U.S. Alzheimer's Cases
To Triple, Study Shows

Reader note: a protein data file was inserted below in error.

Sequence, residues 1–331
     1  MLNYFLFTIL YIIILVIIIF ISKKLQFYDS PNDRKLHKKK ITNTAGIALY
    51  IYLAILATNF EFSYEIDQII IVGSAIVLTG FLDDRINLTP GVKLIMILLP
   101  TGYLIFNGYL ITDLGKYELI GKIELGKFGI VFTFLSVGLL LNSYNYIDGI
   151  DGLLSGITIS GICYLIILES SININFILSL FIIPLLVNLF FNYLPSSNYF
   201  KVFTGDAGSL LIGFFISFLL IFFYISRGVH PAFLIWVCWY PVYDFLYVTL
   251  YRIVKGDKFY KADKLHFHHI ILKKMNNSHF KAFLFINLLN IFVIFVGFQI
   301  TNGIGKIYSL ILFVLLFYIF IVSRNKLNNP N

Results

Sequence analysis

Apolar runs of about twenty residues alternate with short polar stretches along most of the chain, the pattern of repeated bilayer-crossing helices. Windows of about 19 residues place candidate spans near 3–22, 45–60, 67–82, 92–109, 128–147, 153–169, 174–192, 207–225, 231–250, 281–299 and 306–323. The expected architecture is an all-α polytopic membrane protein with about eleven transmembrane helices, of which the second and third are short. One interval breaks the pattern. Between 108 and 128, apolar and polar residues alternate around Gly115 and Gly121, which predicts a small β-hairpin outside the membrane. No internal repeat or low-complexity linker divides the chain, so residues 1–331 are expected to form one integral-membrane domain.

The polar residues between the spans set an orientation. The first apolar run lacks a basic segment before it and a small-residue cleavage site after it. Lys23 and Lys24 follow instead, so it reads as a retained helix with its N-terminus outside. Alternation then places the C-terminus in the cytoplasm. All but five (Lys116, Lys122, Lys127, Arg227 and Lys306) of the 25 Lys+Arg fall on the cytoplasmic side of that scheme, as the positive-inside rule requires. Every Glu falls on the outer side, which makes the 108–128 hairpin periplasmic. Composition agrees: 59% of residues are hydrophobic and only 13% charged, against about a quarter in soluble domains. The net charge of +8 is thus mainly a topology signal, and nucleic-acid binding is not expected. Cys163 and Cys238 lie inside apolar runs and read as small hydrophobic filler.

WASHINGTON (Reuters) - The number of Alzheimer's cases in the United States will more than triple over the next 50 years, although drugs that could in the future delay the onset of the brain-destroying disease would help significantly, researchers said Tuesday. Ron Brookmeyer and colleagues at the Johns Hopkins University School of Public Health examined several studies linking Alzheimer's to age and found that about 2.3 million Americans currently suffer from the disease. Other estimates have ranged to above four million. About 4 percent of 75-year-olds, 8.5 percent of 80-year-olds and 28.5 percent of 90-year-olds suffer from Alzheimer's, which is incurable and always fatal, Brookmeyer's team found. ``It is estimated that there are approximately 360,000 new cases of Alzheimer's disease each year,'' they wrote in the American Journal of Public Health. The researchers, who specialize in such statistics, compared those rates to projections for the U.S. population and found cases would more than triple. ``Within the next 50 years, the prevalence could be expected to rise by a factor of 3.7, to 8.64 million,'' they wrote. ``The annual number of new cases could be expected to rise more than three-fold, from 360,000 cases in 1997 to 1.14 million new cases in 2047.'' But they said treatment that delayed the onset of disease would greatly reduce that impact. Delaying onset by one year would result in 210,000 fewer cases 10 years later and 770,000 fewer cases 50 years later. There are no drugs on the market that really do that, but companies are working to develop them. Current drugs can help symptoms. Two drugs are approved in the United States for use against Alzheimer's. Aricept, made by Japan's Eisai Co. Ltd. and distributed by Pfizer, can help reduce memory loss but eventually stops working. Warner-Lambert's Tacrine (Cognex) can slow the progression of the disease but not by very much. A third drug, metrifonate, which is made by Bayer, is up for approval by the U.S. Food and Drug Administration (FDA). Ginkgo, a tree extract, may also help sharpen the memory in Alzheimer's patients. Another problem is diagnosing Alzheimer's. Most experts agree the only real way to diagnose Alzheimer's is with a brain biopsy -- which is done after death. ``There has been continuing debate about whether Alzheimer's disease incidence rates continue to rise at the oldest ages, or if they eventually plateau or even decline,'' Brookmeyer said in a statement. ``The data in this study suggested that the risk of Alzheimer's disease continues to rise at least through age 90 but there is little reliable data about risk beyond 90.'' Alzheimer's starts with simple memory loss and advances to confusion, severe memory loss and physical deterioration as more brain cells are destroyed. There is a genetic factor, but outside influences are also important. Doctors are trying to learn what those might be -- from what food people eat, to viral or bacterial infections.